Griffiths Island — with lighthouse and Mutton Bird rookeries, access by water only.

Government Wharf — Gipps St., the fishing fleet and Fishermens Cooperative Society.

Lady Julia Percy Island — The home of vast seal colony and sea birds. First sighted by Lt. James Grant in 1800, can only be reached by sea in good weather.

King George Square and Casino Monument — Gipps St., Cr Campbell


Library and Lecture Hall — The Mechanics Institute was established in I 856. The six-pounder gun to be seen at the entrance, was from the wreck of the Sir John Byng (1852).

Municipal Chambers — Bank Street.

Martin's Point — via Gipps St., (south), with views of river and the sou' west passage, overlooking Griffiths Island

Race Course — on Southcombe Park, via Sackville Street, (south).

Southcombe Park —• via Sackville St. (south), with entrance to Caravan Park via. James Street.

Sports Oval and Tertnis Courts — via Gipps st. east) adjoining Botanic Gardens. The OVAL is in a setting claimed to be the most beautiful in Australia.

Showgrounds . . via Orford Road and Regent Street

Tower Hill — One of the scenic wonders of Australia, 7 miles east of Port Fairy, along the Princes' Highway. Extinct Volcano.

A circuit of 10 miles can be made around the Crater Rim by road.

There are many spectacular views of the volcanic cones and crater lake. To the south may be seen the broad expanse of the Southern Ocean, while to the north and east moy be seen the rich volcanic plains of Victoria's world-famed Western District.

The Crags — Coastal scenery west of Port Fairy

The Shepherd's Grave — On north side of Prince's Highway, beyond Durban Junction, approaching Yambuk.

Yambuk Lake and beach — I 1 miles west of Port Fairy, turn off Prince's Highway at Yambuk — with a view of Lady Julia Percy Island.

Mt. Eccles — Extinct Volcano with Caves and Sunken Lake, via Macarthur.

Port Fairy is noted for its many old and quaint buildings. The

Anglican Church of St.John is an interesting example of old-time

craftsmanship and architecture.

The following important towns are within easy reach of Port Fairy, Population 2,000

Warrnambool, 18 miles (east) population 11,000 Hamilton, 53 miles (north west) population 8,000 Koroit, 12 miles (north east), population 1,400 Portland, 45 miles (west), population 4,500

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For special enquiries apply to the following :—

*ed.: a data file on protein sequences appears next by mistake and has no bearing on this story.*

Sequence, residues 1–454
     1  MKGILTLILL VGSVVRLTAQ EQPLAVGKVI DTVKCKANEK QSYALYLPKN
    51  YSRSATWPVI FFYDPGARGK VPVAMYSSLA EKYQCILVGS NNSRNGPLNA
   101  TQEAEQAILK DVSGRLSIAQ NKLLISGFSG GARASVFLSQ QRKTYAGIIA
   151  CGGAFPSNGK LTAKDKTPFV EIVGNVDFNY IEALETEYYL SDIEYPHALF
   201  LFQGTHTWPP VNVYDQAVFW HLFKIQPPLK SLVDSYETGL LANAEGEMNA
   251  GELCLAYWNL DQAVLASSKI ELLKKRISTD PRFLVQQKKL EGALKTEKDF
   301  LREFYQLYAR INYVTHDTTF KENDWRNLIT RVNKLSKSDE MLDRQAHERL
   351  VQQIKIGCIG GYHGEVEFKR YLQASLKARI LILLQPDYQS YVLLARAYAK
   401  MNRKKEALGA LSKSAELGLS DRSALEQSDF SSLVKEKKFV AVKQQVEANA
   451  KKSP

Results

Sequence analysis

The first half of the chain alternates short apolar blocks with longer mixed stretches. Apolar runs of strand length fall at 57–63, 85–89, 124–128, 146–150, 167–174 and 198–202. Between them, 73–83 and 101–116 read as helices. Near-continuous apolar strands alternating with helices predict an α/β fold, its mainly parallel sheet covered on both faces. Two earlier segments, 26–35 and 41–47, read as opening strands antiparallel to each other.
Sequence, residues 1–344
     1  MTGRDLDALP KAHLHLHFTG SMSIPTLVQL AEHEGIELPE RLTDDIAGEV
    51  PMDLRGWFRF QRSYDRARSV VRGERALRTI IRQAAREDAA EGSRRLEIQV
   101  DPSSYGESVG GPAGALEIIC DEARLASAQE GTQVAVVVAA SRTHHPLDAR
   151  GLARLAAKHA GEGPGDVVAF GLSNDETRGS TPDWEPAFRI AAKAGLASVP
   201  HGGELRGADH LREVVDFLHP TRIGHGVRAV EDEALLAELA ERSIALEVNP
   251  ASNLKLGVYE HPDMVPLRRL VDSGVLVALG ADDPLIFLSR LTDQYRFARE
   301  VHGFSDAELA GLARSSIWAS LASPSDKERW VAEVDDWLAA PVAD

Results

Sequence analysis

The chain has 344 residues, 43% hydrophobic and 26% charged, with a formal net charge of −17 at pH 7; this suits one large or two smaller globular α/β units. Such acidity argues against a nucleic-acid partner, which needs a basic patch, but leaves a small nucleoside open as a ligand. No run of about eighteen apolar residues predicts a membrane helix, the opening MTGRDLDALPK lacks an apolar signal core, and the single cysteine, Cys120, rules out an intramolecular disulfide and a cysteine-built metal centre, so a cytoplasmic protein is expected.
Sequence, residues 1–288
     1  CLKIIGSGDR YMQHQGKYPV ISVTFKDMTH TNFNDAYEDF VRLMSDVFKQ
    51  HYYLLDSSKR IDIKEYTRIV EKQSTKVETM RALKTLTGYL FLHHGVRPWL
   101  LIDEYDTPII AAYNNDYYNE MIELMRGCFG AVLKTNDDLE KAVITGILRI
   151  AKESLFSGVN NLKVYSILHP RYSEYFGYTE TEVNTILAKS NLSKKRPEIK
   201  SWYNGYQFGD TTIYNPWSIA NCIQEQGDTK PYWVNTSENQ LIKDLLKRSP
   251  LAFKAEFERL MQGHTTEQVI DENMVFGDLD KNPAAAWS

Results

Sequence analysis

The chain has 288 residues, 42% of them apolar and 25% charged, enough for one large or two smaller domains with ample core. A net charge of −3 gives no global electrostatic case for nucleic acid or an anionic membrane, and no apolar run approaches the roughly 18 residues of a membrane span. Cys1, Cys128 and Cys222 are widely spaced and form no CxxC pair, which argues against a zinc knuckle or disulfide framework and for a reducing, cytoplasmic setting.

The Town Clerk, Municipal Chambers, Bank St., Tel. 7

The Secretary, Chamber of Commerce, 65 Sackville St., Tel. 47

Accommodation — Caledonian Hotel, 41 Bank St., Phone 44 Commercial Hotel, 9 Bank St., Phone 18

Star of the West Hotel, C/o. Bank & Sackville Sts., Phone 12 Tennyson's Hotel, 54 Sackville St., Phone 35

JOHN TAFFE, Hon. Sec., Chamber of Commerce. Phone 428

Victoria Hotel, 42 Bank Street, Phone 46 Guest Houses —

Douglas House, 89 Gipps Street, Phone 16

Seacombe House, Sackville St., Phone 82 Enquiries re accommodation to —

J. B. Holden & Co. 15 Bank St., Phone 3 1

E. V. Walliker & Co., 65 Sackville St., Phone 47

Taylor's Holiday Homes, Griffiths St., Phone 152 Camping Grounds and Caravan Park — Southcombe Park souih along

James St. (Municipal)

Gardens Oval —via. Gipps St., easT across river bridge, (municip.)

"Moyne" Caravan Park —via Gipps St. east near Bridge (private) Cinema — Bank St., Pictures on Mon., Tues., Thurs., Frid.

Sat., at 7.50 p.m. For reservations, telephone 16.

Churches — Services as advertised in Local Press.

Anglican — St John's off Bank St., near Municipal Chambers.

Roman Catholic — St. Patrick's, Prince's Highway, west.

Church of Christ — William Street.

Methodist Church — James Street, east.

Presbyterian Church (St. Andrew's) — William Steet Press — PORT FAIRY "GAZETTE' established 1849, Sackville St.,

Telephone 14- Published Monday and Thursdays.

fishing —

Port Fairy, 180 miles from Melbourne by road, rail and air (via. Warrnambool - Mailor' Flat aerodrome) is situated on the banks of the River Moyne.

In the river, mullet, salmon, trout, haddock, silver bream, whiting cod, and trevally make excellent sport for the adherents of the piscatorial art.

Garfish, parrot fish and sweep may be caught from the rocks while in the more adventurous ocean fishing brings ample reward with schnapper, tuna, barracouta, and shark to test the fisherman's skill.

The SHAW RIVER, I I miles west of Port Fairy, along the Prince's Highway, is renowned for bream and salmon trout.

At the CRAIGS and 7 MiLE ROCKS, west of Port Fairy, there is good fishing for sweep, rockfish and crayfish.

Note. The Fisheries and Game Department have an inspector stationed at Port Fairy from whom information relating to licenses and etc., can be obtained.




East Beach


State School


Botanic Gardens, Sports Oval,


Convent School

Tennis Courts, Caravan Park.


Caravan Park


Bowling Club


South Beach


R.S.L Hall




Port Fairy Railway Station


Golf Course


Borough Chambers


Post Office. Shire Office


Church of England


Police Court George Square,


Methodist Church

Government Wharf, Fishhermen



Co-operative. Wireless Station.


Presbyterian Church


Martin’s Point.


Church of Christ




Roman Catholic Church


Battery Hill and Signal Station.

N0te ;— Ship silhouettes indicate actual wreck sites showing name of ship and year of wrecking. Many other wrecks have been recorded in the vicinity of Port Fairy, practically all disasters occurring during the era of sail, with vessels caught at Bay anchorages and unable to make the open sea during heavy storms.

KAYE & SON, Printers, Warrnambool